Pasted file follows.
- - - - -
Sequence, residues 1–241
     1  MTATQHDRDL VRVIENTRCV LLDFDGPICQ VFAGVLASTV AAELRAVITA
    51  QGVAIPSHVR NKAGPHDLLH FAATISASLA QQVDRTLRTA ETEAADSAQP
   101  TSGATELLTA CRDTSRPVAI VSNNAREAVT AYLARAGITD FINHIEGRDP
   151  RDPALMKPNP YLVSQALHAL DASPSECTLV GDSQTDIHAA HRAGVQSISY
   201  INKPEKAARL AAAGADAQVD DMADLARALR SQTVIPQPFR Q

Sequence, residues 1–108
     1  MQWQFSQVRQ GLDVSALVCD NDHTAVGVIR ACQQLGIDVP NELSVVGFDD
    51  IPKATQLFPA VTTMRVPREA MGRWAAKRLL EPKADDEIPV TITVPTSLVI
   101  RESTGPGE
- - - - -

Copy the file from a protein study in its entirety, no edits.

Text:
Sequence, residues 1–241
     1  MTATQHDRDL VRVIENTRCV LLDFDGPICQ VFAGVLASTV AAELRAVITA
    51  QGVAIPSHVR NKAGPHDLLH FAATISASLA QQVDRTLRTA ETEAADSAQP
   101  TSGATELLTA CRDTSRPVAI VSNNAREAVT AYLARAGITD FINHIEGRDP
   151  RDPALMKPNP YLVSQALHAL DASPSECTLV GDSQTDIHAA HRAGVQSISY
   201  INKPEKAARL AAAGADAQVD DMADLARALR SQTVIPQPFR Q

Sequence, residues 1–108
     1  MQWQFSQVRQ GLDVSALVCD NDHTAVGVIR ACQQLGIDVP NELSVVGFDD
    51  IPKATQLFPA VTTMRVPREA MGRWAAKRLL EPKADDEIPV TITVPTSLVI
   101  RESTGPGE